Clogher Beach, Dingle Peninsula, County Kerry, Ireland
A really massive splash
Clogher Beach must be the most photographed beach in County Kerry, both by tourists and local residents. It is a beautiful beach, though relatively small, but the main attraction is that it probably has the biggest waves on the Dingle peninsula – not waves for surfers, but really massive, ferocious, turbulent and truly awesome waves. Swimming is strictly prohibited on this beach, even on a calm day, lest you should be sucked away by a dangerous rip current. On a rough day, which is frequent enough, you can see a number of cars in the car park, their owners risking the salty, damaging (to the cars)) spray, for the pleasure of observing and marvelling at the sight of these big, splashy rollers.
There are certain problems around trying to get good photos here. When the sea is rough this usually means there is an equally powerful wind, and even the best tripods may be somewhat challenged, and it’s virtually impossible to stand still. Another problem may be that the spray is coating the lens, as you get carried away trying to get those fantastic shots. This is even more of an issue when there is a spring tide, combined with a strong off shore wind, when you would be lucky to even stand in the car park without getting completely drenched – a disaster for your camera!
I was very lucky one day recently, when I went out to photograph the snow on the mountains, but stopped off at Clogher Beach, to find some of the biggest waves I have ever seen there. It was surprising because it wasn’t windy, but apparently there was a huge storm surge coming in from the Atlantic. There was beautiful sunlight, which was an added bonus.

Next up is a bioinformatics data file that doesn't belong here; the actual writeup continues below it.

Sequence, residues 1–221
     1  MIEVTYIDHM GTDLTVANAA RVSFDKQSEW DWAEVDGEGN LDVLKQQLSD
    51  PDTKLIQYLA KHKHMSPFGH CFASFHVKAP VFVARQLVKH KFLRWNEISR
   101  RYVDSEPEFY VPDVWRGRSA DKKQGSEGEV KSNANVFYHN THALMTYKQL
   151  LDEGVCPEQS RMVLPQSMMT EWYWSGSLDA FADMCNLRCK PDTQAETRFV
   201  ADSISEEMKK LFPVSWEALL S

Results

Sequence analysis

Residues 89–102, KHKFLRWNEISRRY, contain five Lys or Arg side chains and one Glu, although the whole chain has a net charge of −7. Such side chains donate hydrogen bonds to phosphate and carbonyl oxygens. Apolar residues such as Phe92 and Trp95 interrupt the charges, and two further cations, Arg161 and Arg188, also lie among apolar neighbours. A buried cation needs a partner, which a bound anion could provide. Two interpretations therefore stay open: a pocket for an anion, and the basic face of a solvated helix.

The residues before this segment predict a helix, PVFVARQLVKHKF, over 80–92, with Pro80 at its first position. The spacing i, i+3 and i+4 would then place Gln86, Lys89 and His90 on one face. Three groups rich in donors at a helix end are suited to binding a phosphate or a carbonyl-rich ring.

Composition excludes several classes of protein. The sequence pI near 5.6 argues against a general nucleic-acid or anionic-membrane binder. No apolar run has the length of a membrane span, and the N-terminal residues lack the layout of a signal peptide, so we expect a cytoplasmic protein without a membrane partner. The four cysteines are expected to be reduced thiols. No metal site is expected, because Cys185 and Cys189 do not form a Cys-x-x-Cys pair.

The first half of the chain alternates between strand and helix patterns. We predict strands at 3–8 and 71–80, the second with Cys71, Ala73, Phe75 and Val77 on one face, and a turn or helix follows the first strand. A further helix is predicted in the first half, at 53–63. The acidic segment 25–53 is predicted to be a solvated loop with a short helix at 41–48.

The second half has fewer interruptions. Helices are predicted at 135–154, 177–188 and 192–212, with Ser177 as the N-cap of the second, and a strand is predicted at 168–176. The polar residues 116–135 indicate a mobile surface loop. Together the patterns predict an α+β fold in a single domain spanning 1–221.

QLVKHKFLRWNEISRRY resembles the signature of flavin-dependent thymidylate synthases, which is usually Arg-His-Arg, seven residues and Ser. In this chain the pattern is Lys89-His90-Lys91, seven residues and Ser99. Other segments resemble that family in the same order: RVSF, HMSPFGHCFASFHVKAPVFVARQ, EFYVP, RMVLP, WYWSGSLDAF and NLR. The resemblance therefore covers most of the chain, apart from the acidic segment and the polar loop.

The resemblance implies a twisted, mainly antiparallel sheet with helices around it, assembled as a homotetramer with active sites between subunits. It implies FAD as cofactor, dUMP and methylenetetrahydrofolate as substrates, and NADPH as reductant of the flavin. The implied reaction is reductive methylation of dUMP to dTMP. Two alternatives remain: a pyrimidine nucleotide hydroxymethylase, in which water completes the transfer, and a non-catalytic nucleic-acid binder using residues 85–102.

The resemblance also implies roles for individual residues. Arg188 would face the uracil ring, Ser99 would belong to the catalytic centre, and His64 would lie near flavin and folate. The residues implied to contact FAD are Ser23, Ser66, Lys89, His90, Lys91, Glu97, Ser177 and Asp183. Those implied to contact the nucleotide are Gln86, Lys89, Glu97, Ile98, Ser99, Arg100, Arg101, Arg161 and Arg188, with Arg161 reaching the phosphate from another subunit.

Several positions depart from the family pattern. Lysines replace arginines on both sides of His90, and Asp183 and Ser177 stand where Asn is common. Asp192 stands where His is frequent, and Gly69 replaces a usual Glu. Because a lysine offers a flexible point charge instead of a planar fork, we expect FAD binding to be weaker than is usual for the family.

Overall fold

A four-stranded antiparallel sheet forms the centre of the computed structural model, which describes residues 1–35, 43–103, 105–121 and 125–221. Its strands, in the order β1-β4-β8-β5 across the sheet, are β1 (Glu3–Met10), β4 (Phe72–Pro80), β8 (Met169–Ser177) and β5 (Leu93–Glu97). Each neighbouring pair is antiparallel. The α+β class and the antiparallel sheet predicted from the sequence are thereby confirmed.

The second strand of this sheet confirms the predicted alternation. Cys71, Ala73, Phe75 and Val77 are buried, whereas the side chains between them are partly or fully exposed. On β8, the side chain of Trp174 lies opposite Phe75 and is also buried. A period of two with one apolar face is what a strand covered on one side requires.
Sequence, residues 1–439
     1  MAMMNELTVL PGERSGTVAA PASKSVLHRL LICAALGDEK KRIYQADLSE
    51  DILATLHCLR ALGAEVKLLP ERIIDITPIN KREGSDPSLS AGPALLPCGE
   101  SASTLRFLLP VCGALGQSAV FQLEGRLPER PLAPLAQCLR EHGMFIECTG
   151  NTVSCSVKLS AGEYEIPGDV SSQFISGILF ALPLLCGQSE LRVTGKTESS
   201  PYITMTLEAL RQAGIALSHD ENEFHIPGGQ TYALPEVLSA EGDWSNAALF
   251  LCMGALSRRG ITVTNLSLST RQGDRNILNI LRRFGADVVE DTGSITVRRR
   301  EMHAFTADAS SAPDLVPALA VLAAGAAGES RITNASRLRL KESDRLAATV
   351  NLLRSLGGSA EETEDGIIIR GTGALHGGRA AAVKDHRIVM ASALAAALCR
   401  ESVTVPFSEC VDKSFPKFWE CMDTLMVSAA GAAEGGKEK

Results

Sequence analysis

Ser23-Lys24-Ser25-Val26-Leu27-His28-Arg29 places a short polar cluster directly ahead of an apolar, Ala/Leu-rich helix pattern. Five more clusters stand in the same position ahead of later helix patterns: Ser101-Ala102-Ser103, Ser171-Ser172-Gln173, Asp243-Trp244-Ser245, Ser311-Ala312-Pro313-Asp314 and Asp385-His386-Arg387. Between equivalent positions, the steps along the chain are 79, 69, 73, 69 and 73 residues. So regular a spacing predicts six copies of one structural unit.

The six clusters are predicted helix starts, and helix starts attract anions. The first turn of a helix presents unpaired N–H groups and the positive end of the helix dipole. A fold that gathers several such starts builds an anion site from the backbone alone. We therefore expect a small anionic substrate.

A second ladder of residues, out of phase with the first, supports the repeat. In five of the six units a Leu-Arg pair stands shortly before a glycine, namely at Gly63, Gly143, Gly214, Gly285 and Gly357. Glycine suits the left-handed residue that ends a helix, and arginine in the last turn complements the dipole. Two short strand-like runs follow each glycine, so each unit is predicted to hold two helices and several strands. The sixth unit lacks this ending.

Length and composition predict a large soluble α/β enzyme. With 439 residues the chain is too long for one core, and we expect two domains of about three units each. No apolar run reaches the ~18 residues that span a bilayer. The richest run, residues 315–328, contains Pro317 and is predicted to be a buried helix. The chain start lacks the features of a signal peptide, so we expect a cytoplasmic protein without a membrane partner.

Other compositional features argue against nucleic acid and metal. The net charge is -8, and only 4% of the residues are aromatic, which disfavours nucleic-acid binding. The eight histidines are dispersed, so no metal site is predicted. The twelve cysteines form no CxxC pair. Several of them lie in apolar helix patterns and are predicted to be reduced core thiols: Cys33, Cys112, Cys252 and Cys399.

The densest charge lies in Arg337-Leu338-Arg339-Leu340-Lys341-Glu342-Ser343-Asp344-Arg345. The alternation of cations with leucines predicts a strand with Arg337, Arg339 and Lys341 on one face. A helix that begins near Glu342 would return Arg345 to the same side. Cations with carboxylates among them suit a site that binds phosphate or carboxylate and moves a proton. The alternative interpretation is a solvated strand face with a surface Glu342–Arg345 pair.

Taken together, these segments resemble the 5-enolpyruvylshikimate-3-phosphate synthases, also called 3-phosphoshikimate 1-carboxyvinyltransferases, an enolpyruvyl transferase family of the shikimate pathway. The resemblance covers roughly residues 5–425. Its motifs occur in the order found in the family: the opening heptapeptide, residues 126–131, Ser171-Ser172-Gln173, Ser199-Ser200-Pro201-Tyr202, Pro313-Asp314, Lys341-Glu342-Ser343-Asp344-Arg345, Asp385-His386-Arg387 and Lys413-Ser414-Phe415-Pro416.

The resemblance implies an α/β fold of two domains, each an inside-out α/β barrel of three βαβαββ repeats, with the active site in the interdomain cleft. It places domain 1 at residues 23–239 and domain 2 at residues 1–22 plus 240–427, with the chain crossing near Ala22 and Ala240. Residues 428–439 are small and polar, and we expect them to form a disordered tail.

Close Inspection will reveal two tiny figures on the headland on the right. This gives an idea of the size of these huge waves.
It really is a hugely exhilarating experience to just stand and observe this exciting spectacle – gigantic breakers, whooshing, rushing and crashing like thunder, often on top of each other, surging forward, sizzling and fizzing to the shore. Massive splashes rise up from the rocks, apparently resolute on climbing high over the clifftops.
I became completely absorbed in this contemplation, and every, now and again I pointed my camera to grab the shot of that extraordinarily colossal wave or particularly massive splash, often just missing the moment, which could be very fleeting. Eventually, I took several photos, and some of them are shown here.
Also, More info on my website: http://helene-brennan.com/c25-dingle-peninsula-photos
The island seen from this beach is Inis Tuaisceart, also known as The Sleeping Giant or sometimes The Dead Man (Fear Marbh)